Politics & Society
May Mon 21, 2012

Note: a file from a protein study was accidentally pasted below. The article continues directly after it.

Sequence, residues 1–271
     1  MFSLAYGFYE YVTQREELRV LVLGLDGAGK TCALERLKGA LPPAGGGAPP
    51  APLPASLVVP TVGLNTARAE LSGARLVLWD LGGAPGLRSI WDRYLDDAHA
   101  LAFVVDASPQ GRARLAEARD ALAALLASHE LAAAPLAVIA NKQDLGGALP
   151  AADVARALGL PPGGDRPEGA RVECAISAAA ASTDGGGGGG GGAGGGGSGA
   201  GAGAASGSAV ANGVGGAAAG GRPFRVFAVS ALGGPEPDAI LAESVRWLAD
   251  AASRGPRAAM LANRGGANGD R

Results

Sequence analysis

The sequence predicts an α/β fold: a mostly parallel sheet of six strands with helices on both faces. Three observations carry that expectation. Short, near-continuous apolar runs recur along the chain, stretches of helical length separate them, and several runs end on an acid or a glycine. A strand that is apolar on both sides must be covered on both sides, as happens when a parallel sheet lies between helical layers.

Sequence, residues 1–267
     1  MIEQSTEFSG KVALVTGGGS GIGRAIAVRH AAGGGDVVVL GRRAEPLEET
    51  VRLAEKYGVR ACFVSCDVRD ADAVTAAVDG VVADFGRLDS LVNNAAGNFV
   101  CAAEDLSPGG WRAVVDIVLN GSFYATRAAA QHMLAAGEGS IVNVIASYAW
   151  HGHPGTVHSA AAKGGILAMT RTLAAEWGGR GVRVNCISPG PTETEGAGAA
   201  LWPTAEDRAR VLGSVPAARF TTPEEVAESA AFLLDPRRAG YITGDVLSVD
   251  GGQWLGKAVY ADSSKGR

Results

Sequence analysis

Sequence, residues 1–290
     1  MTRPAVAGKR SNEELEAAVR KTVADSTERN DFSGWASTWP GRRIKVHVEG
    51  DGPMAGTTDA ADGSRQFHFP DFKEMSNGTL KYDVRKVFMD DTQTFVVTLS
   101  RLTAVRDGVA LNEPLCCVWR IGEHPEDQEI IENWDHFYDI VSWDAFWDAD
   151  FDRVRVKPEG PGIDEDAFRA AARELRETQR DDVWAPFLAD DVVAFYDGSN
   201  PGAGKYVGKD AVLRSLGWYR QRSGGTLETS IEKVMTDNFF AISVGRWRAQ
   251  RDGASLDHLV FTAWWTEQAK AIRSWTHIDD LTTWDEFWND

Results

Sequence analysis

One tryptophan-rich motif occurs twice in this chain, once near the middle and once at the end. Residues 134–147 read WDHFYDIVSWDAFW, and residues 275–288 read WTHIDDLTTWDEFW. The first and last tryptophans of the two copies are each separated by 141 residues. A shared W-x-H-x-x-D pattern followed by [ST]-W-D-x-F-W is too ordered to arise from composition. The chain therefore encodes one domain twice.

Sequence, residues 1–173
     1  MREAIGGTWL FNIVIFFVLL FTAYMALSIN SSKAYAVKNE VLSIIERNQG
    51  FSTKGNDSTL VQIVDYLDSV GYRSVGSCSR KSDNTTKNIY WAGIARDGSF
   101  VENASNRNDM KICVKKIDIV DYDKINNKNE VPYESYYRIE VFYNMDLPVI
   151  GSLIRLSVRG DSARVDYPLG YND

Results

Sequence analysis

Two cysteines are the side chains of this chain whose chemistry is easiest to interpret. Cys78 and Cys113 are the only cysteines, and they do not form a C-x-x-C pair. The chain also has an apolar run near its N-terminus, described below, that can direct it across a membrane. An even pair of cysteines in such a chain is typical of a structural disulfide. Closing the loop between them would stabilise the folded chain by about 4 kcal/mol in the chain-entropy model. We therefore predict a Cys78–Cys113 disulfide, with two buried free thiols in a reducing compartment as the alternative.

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In the Senate, of course, there is a different impediment to democracy known as the filibuster. The founders considered putting a filibuster into the Constitution, and decided against it. But, the founders did allow each house of Congress to set its own rules. Originally the Senate adopted a provision allowing the body to “move the question,” that is, close debate and move to a vote. But, after a few years, when re-working the rules, and at the behest of Aaron Burr, of whom it could be said that everything he touched turned out ill, the removed the rule about moving the question, leaving in tact the rule permitting any senator to speak as long as he (or later she) wished. It was more than thirty years before this glitch was discovered and the first filibuster launched. Since then, both parties have chosen to keep the filibuster option which not only gives the minority greater rights within the chamber (and no one knows if, at the next election, you might not find yourself in the minority) but it strengthens the power of each individual senator over the whole.What has changed in recent years, however, has been the increasing frequency with which the filibuster has been used, not least because the Senate decided that now it is only necessary to serve warning of one to effect one. The image of Jimmy Stewart standing in the Senate speaking hour after hour is now a thing of fiction. You do not have to actually conduct a filibuster anymore, just threaten one. This change, combined with the growing polarization of our polity, has had an ugly result. Filibusters have become routine. The Senate website offers this chart which shows the explosion of filibusters in recent years. In short, a rarely used provision, designed to secure the rights of the minority party in extreme circumstances now effectively gives that minority the right to bring government to a halt.
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